Did Jupiter Push Venus Into a Runaway Greenhouse?

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Venus has been garnering a lot of attention lately, though primarily in the scientific community as the last Hollywood movie about the planet was released in the 1960s.  This is in part due to its dramatic difference from Earth, and what that difference might mean for the study of exoplanets.  If we can better understand what happened during Venus’ formation to make it the hell scape it is today, we might be able to better understand what truly constitutes the habitable zone around other stars.

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Numerous planetary scientists have focused on Venus’ formation and atmospheric development in the recent past.  Now a new paper posits that Venus might have had liquid water on its surface as recently as one billion years ago.  And a contributor to the disappearance of that water might be an unlikely culprit: Jupiter.

There are various threads of evidence that Jupiter actually migrated to its current orbit from the inner solar system.  Theories like the Grand Tack theory or the Nice Model show potential paths of how this could have happened.  What Dr Stephen Kane, a planetary scientist at UC Riverside and his co-authors were interested in was what effect that migration might have had on Venus.

Therefore, they simulated hundreds of thousands of different migration paths of Jupiter during the formation of the early solar system.  There were plenty of simulation scenarios where Venus or one of the other terrestrial planets were flung out of the solar system, and those runs were discarded.  However, there were also numerous scenarios where the orbit of Venus was severely affected.  One measure of an orbit is called eccentricity, which is essentially how elliptical an orbit it.  Some of the Jupiter migration models caused Venus to have an eccentricity 44 times what it currently does.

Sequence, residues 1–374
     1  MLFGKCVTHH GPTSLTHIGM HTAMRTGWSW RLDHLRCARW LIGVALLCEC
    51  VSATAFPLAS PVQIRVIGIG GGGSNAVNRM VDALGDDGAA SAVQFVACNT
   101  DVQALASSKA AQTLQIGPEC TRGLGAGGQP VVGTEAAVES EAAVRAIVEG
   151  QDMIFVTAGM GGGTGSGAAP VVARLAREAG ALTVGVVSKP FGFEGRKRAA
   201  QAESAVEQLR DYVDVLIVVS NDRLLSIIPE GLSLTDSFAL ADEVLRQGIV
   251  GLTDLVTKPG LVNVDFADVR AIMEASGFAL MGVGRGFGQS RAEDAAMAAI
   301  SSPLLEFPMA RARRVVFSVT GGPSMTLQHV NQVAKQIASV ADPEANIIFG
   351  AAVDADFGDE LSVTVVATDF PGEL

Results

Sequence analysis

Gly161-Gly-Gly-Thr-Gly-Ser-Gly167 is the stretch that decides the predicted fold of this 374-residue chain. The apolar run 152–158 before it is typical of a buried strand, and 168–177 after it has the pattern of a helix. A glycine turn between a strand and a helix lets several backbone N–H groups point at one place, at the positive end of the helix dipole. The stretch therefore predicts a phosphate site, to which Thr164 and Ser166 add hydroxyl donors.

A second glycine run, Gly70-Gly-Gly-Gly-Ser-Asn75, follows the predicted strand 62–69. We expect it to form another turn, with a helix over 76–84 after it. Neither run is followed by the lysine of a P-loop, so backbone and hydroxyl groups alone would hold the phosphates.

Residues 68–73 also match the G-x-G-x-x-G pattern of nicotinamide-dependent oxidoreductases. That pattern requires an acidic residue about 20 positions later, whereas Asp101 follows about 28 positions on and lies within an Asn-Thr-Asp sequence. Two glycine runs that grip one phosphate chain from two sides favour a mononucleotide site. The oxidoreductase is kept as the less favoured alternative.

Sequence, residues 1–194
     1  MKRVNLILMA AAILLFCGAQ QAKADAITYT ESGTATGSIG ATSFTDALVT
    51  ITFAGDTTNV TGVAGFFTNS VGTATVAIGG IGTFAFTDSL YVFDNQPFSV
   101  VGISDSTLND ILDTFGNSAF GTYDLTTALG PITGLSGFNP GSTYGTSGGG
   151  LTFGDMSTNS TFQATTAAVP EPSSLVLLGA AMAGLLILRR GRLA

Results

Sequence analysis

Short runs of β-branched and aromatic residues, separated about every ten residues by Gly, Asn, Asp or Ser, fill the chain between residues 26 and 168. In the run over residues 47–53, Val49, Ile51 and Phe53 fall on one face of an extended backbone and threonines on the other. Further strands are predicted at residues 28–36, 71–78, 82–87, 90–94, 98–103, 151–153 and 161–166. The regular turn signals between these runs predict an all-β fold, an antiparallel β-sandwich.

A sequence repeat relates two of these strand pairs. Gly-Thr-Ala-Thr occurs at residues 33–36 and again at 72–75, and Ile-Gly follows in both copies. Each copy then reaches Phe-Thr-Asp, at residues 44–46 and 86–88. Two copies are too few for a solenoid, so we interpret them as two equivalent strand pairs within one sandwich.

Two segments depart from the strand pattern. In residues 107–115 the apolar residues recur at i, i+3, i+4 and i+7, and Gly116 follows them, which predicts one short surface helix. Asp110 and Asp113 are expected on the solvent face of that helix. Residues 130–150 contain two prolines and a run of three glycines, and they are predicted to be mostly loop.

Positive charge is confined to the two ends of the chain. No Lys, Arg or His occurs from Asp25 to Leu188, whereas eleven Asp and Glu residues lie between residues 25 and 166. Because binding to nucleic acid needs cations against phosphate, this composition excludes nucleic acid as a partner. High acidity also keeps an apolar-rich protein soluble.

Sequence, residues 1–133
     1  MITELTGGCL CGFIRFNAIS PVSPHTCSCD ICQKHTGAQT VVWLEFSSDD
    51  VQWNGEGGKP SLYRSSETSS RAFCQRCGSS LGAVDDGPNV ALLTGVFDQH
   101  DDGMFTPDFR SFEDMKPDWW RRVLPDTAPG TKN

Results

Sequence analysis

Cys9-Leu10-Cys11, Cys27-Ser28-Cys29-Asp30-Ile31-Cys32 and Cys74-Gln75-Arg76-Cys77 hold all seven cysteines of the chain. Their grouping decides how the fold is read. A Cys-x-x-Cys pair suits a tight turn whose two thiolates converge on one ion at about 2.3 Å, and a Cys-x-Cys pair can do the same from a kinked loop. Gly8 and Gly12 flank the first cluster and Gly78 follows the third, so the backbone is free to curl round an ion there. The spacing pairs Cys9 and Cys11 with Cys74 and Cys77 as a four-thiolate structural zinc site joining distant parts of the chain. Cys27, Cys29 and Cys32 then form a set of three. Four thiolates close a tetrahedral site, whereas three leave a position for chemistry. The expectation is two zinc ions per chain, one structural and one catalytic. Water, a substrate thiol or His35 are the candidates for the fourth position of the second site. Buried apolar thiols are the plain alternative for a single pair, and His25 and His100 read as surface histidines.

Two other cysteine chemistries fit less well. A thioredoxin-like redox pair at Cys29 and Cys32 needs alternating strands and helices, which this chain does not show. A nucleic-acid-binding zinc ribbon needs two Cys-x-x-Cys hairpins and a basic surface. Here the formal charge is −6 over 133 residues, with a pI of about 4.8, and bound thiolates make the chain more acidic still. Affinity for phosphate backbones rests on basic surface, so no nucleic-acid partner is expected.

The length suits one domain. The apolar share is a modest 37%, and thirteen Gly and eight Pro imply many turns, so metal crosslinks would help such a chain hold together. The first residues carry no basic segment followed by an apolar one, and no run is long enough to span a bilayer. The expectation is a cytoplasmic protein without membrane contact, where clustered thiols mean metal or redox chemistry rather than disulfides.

Artist depiction of orbits of the different inner planets, showing how drastically different they are.
Image showing the eccentricities of the innermost planets and asteroids.
Credit: NASA / JPL-Caltech

That is important because Venus currently has an extremely circular orbit, with low eccentricity.  If the models of Jupiter’s migration through the early solar system caused Venus to have a high eccentricity, where did that eccentricity go?

The most intriguing answer to that question is that it was dampened by liquid water.  Liquid water can dampen orbital eccentricities over long periods of times, as its movement around the planet’s surface pushes it into a more regular pattern through a process called tidal dissipation.

Science Channel feature on the difference between Venus’ and Earth’s planetary evolution.
Credit: Science Channel Youtube

One interesting consequence of tidal dissipation is that it can potentially cause a runaway greenhouse on a planet, however the authors calculated that this most likely was not the case on a young Venus.  They also ruled out another potential source of a runaway greenhouse effect: the incident sunlight on a planet. But the models showed that, while the maximum incident sunlight would be significantly increased in the case of a highly elliptical orbit for Venus, it was likely not enough to cause a greenhouse world by itself.